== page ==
I’ve been hearing the little Bewick wrens chirping out on the patio. They are tiny but loud little things. They hop around among the plants and up to the patio door.
I keep trying to get a photo of them, but they are always gone by the time I get to the patio door with my camera. They are the birds that appear to have a white eye brow.
Nor have I seen the pretty black butterfly that I saw from inside earlier in the week. I keep watching for it, but either it hasn’t been back or I haven’t looked out when it was there.
I always plant a lot of flowers that the butterflies like to visit because they are so beautiful to watch.
This morning I heard a lot of bird commotion out there, so Charlie and I went out to see what was going on. I guess the birds were high up in the tree, for I couldn’t see them.
Charlie weaved in and out of the pots, seemingly on a mission. I think he smells the little wrens that have been hopping around out there.
I found an old photo of a Bewick wren to show you:
I look forward to seeing these little wrens every year because they are humorous to watch.
The hibiscus looks much better. But it isn’t blooming as much because it isn’t getting as much sun.
I have a choice I suppose. Either I choose to keep the plant alive under the tree branch overhang, or put it in the sun for more blooms. But it will surely die in the heat.
I choose to try to keep it alive. I like the reddish leaves and find them almost as interesting as the big red flowers.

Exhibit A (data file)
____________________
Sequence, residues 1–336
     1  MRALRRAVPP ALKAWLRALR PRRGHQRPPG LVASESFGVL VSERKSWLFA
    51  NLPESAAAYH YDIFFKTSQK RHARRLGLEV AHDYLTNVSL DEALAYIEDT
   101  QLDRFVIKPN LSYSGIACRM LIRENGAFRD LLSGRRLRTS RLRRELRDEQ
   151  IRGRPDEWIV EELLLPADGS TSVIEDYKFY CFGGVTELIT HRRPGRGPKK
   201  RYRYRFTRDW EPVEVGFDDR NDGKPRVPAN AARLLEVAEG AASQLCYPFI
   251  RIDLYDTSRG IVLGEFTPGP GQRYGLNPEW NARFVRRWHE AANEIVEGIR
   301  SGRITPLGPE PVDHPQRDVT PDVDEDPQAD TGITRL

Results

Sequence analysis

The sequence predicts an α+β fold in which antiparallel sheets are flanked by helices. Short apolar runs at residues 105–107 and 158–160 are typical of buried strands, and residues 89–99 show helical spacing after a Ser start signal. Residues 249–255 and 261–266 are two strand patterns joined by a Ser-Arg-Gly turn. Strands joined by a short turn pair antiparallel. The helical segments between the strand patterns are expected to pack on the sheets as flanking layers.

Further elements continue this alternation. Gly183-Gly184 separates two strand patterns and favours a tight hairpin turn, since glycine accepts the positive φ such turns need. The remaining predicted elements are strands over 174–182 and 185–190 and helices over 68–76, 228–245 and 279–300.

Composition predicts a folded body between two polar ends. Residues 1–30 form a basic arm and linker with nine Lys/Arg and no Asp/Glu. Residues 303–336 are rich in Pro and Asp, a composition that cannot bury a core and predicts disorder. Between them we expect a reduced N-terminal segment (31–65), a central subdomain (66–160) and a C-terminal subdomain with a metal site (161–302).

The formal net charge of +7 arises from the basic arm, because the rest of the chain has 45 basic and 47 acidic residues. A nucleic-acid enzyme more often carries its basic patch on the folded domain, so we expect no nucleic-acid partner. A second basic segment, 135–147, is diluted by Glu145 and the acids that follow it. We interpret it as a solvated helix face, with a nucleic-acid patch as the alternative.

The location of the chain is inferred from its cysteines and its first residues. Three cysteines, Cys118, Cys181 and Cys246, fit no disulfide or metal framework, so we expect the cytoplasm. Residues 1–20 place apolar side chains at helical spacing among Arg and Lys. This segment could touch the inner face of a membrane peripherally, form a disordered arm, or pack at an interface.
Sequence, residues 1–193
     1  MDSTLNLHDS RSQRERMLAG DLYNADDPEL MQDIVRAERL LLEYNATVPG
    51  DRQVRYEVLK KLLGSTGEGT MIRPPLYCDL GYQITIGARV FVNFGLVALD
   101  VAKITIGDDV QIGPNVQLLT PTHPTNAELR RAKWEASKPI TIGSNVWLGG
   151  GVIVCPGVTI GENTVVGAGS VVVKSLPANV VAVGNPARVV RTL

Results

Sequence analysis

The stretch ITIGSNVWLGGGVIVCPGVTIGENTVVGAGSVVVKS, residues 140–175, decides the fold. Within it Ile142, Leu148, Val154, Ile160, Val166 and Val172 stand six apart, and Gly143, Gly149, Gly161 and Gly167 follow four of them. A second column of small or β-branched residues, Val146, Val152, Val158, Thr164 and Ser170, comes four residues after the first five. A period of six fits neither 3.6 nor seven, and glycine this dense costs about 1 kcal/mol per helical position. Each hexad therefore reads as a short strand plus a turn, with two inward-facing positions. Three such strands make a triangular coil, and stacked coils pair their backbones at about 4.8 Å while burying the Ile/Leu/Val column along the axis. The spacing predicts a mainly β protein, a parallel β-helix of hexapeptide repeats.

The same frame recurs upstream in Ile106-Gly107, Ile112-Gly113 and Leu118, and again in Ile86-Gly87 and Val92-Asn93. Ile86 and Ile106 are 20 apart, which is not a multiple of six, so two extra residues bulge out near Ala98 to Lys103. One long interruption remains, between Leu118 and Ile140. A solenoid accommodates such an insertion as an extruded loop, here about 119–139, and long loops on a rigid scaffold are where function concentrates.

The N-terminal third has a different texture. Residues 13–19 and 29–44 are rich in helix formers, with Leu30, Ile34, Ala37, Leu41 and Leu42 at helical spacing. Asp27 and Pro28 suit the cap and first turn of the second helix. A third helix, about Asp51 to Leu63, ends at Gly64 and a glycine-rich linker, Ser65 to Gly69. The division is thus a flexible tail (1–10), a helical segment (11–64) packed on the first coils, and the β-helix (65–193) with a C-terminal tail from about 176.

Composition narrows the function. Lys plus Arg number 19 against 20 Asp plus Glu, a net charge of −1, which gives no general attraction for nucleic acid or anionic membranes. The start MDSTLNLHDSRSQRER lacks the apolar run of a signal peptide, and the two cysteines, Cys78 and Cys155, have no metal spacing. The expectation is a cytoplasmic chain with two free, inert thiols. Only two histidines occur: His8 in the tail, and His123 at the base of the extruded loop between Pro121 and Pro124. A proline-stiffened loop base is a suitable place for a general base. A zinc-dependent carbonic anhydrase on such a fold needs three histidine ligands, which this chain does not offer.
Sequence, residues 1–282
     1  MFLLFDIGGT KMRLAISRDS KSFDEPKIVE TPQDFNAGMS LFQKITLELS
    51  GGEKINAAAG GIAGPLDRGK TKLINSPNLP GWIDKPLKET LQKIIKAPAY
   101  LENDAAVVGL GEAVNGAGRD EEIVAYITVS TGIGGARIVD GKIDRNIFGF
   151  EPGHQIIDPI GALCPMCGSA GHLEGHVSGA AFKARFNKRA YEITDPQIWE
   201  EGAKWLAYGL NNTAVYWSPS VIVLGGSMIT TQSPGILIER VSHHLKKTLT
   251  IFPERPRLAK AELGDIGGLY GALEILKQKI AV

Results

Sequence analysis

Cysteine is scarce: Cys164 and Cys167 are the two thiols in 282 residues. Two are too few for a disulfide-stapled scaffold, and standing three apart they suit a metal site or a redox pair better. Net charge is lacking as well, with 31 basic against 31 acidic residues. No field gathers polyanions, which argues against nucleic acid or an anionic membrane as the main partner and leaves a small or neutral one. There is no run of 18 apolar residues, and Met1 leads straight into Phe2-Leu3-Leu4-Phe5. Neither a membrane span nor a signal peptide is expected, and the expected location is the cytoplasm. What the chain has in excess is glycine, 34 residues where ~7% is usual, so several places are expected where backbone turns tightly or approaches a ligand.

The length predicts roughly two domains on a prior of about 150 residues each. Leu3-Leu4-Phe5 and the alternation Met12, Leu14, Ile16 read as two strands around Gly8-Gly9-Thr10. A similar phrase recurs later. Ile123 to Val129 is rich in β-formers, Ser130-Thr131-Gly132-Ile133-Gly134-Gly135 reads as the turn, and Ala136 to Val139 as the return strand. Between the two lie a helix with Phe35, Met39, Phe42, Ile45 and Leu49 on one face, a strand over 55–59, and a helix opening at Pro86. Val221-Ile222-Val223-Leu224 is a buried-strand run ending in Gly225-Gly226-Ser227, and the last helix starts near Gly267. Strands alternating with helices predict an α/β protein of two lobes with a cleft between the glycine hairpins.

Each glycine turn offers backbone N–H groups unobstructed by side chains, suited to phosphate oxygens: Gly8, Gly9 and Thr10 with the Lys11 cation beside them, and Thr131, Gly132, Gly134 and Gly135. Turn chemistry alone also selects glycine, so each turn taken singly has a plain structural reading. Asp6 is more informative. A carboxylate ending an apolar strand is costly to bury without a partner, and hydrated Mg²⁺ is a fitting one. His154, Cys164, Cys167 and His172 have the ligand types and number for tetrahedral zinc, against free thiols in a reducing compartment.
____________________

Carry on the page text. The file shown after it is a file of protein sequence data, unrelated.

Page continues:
There are places where even the sedum is fading in the sun. But what is planted in the piece of driftwood looks very healthy.
Each year that piece of driftwood gets more bleached out by the sun, but I love the texture and fading color.
I started a new book last night called “The Captives.”
As an inmate psychologist at a state prison, Frank Lundquist has had his fair share of surprises. But nothing could possibly prepare him for the day in which his high school object of desire, Miranda Greene, walks into his office for an appointment.
Still reeling from the scandal that cost him his Manhattan private practice and landed him in his unglamorous job at Milford Basin Correctional Facility in the first place, Frank knows he has an ethical duty to reassign Miranda’s case.
But Miranda is just as beguiling as ever, and he’s insatiably curious: how did a beautiful high school sprinter and the promising daughter of a congressman end up incarcerated for a shocking crime?
Even more compelling: though Frank remembers every word Miranda ever spoke to him, she gives no indication of having any idea who he is.
Inside the prison walls, Miranda is desperate and despairing, haunted by memories of a childhood tragedy, grappling with a family legacy of dodgy moral and political choices, and still trying to unwind the disastrous love that led to her downfall.
And yet she is also grittily determined to retain some control over her fate. Frank quickly becomes a potent hope for her absolution—and maybe even her escape.
Have a great weekend. I have no plans and Charlie and I will be home staying in out of the heat.